Monday 05 September 2011
What courses? Law; Accountancy and legal studies; business law; commercial law; criminal law; criminology; European law; European business law; international law; land economy; law with different European languages; maritime law; human rights; politics.
What do you come out with? LLB (Bachelor of Laws), which leads you straight to Part 2 of the Bar or Law Society qualifying examinations. You can also do a BA or a BSc in law, but most do not entitle you to go on to the next level.
Why do it? "Law is the attempt to subject human conduct to the governance of rules.This highlights what is simple and complex about legal study. We are obliged to simplify a complex reality by conceiving all human relationships - husband-wife, landlord-tenant, employer- employee, citizen-government etc. - as orders of rules. This requires analytical skills in rule-handling. But it must never be forgotten that we are dealing with human conduct. These analytical techniques can be effectively used only once we realize that 'the life of the law is not logic but experience'. Rules are simple, life is complex. Rules aspire to certainty, but life is uncertain. Rules provide stability, but life unsettles our expectations. The key to success? Only connect." - Professor Martin Loughlin, professor of public law and head of department, London School of Economics
What's it about? Learning how to make a proper legal argument whilst equipping yourself with a sound understanding of the foundations of legal knowledge and beyond. Creativity is important, and a degree in law calls for originality and inspiration as well as information and accuracy. Top universities such as LSE encourage students to reflect on the complexity of legal practice and of the variety of ways of understanding law's role in contemporary society. A law degree is renowned for being one of the hardest degrees. You’ll learn skills to help maximise your problem solving and arguing your way out of a tight spot. The laws governing our constitution, criminals, contracts, land, property and jurisprudence (theory of law) are covered in the first year. You then do a range of options, such as environmental, international, tax, family and immigration law. You will be assessed with a combination of exams and projects, plus one or two dissertations. You’ll need a good memory for cases, an analytical brain for seeing round dubious clauses, and the ability to speed-read dusty old documents.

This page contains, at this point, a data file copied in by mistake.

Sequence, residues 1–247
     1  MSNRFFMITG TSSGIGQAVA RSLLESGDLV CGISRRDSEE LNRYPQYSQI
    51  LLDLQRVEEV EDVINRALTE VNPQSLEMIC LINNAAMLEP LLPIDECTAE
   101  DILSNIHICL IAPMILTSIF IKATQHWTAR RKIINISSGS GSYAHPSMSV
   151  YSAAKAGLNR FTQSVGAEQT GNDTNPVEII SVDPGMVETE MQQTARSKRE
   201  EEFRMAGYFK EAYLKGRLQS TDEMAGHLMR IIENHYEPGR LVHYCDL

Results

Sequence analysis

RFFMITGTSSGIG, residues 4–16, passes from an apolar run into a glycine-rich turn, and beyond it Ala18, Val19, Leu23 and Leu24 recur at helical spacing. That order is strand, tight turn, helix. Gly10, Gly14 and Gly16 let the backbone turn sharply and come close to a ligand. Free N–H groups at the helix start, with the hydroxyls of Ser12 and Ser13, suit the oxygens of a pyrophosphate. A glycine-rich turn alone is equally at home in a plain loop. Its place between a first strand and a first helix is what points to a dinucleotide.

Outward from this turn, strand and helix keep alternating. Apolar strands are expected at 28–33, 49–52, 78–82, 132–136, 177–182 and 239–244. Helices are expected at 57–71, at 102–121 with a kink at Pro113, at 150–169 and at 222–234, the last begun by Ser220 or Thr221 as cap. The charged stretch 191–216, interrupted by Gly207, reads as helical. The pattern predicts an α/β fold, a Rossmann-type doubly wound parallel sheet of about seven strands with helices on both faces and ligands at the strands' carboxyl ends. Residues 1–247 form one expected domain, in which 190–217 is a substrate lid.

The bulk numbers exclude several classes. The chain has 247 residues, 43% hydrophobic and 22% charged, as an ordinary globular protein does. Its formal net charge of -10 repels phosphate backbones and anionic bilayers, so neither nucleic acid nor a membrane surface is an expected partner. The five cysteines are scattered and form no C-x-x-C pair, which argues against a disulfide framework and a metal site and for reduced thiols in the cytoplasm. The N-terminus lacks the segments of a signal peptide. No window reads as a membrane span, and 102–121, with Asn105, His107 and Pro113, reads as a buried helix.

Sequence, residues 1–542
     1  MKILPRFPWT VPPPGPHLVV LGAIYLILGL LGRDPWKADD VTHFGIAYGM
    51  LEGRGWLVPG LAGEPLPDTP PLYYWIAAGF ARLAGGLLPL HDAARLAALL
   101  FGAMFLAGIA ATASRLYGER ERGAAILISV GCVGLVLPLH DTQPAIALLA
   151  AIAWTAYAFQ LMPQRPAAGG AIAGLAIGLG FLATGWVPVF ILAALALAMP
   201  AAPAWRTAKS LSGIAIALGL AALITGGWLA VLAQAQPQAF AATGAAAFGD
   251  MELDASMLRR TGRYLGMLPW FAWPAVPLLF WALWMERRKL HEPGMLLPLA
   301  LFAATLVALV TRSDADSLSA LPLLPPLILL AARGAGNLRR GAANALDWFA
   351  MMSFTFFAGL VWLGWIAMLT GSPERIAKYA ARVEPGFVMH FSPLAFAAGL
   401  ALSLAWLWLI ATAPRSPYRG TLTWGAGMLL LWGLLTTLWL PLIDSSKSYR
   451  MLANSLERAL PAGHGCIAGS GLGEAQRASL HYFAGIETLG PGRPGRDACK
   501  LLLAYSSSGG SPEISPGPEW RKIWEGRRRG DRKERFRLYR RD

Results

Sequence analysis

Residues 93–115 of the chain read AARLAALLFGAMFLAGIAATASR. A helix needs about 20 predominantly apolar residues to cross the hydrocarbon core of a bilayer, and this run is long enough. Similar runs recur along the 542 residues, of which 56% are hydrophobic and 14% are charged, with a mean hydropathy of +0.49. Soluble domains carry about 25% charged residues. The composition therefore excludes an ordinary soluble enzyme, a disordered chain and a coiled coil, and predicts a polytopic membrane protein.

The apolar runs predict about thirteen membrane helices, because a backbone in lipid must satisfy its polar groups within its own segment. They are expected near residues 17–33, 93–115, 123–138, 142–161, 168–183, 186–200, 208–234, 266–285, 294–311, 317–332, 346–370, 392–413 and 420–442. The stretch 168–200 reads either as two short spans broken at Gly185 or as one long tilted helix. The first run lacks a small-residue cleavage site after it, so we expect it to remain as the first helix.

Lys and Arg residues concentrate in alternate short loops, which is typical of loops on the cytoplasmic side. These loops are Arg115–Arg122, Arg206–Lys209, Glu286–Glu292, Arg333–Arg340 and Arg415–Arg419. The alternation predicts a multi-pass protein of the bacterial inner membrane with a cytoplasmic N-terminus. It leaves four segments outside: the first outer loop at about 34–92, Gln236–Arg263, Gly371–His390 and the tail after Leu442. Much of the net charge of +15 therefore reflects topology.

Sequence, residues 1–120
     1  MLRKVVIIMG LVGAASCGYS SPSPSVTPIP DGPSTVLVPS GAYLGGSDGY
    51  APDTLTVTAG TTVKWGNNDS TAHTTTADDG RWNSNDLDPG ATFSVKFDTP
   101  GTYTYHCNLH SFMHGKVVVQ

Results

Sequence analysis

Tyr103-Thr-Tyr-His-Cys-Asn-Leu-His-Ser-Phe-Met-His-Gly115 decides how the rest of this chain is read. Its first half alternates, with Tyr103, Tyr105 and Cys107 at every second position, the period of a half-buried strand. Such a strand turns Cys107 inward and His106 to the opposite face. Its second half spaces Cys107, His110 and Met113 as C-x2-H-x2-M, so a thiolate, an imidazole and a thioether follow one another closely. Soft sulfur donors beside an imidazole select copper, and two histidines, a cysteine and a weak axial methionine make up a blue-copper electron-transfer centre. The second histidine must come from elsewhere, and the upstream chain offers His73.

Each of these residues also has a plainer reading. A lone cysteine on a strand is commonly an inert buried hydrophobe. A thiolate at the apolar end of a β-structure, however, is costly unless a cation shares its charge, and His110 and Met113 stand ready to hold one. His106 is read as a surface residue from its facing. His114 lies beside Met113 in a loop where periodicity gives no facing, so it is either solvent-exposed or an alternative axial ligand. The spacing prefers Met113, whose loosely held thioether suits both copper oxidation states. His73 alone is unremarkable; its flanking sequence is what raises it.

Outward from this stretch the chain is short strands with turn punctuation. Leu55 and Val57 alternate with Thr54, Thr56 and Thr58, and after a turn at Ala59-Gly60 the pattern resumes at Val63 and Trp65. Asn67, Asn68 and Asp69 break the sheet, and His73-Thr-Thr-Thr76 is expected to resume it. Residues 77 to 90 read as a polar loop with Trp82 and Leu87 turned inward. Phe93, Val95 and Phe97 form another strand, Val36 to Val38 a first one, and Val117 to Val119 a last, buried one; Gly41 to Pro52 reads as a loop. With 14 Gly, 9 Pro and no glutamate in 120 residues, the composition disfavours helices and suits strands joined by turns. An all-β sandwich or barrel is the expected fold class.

Study options: The course will last three years. Four years if you combine it with a language, spend a year abroad, or study in Scotland. It is possible to do an intensive two-year LLB course. Some institutions also offer practical workshops: at Birmingham City University, for example, you will have the opportunity to work on 'real' cases with 'real' clients at the Legal Advice and Representation Unit, where students will be able to work in a local Citizens Advice Bureau. Cambridge instead focuses more on research, especially in criminology and international law. Together with other universities, such as Oxford, it also offers the possibility to spend one year abroad in France, Spain, the Netherlands or Germany.
What will I need to do it? An A-level in law is neither advantageous nor disadvantageous. Anything goes, although some of the flakier options will be sniffed at. History, politics, maths and english would be useful. Many courses does not have any specific A level requirements, although offers tend to range from A*AA to AAA. Nine universities including Oxford, Birmingham and Bristol, ask the applicants to take the National Admission Test for Law, while Cambridge has its own Law test.
What are my job prospects? Good, although not until you’ve completed the Legal Practice Course or Bar Vocational Course. Hence why the number of students that go straight into further study is so high. According to The Times’ Good University Guide 2012, graduate salaries average £18,911 – lower than one might expect, but trainee wages are notoriously tight, and it’s only later in your career when you start to earn big bucks. Whether you end up in the magic circle of major corporate firms like Freshfields, Clifford Chance Bruckhaus Deringer and Allen & Overy, depends on your having a degree from red brick universities or Oxbridge to a large extent. Plus, there is serious competition from non-law undergrads.
Where’s best to do it? LSE topped the Complete University Guide 2012, followed by Cambridge and Oxford in second and third position respectively and UCL in fourth. Students at Greenwich, Newcastle and Queen Mary are the most satisfied with their courses however.
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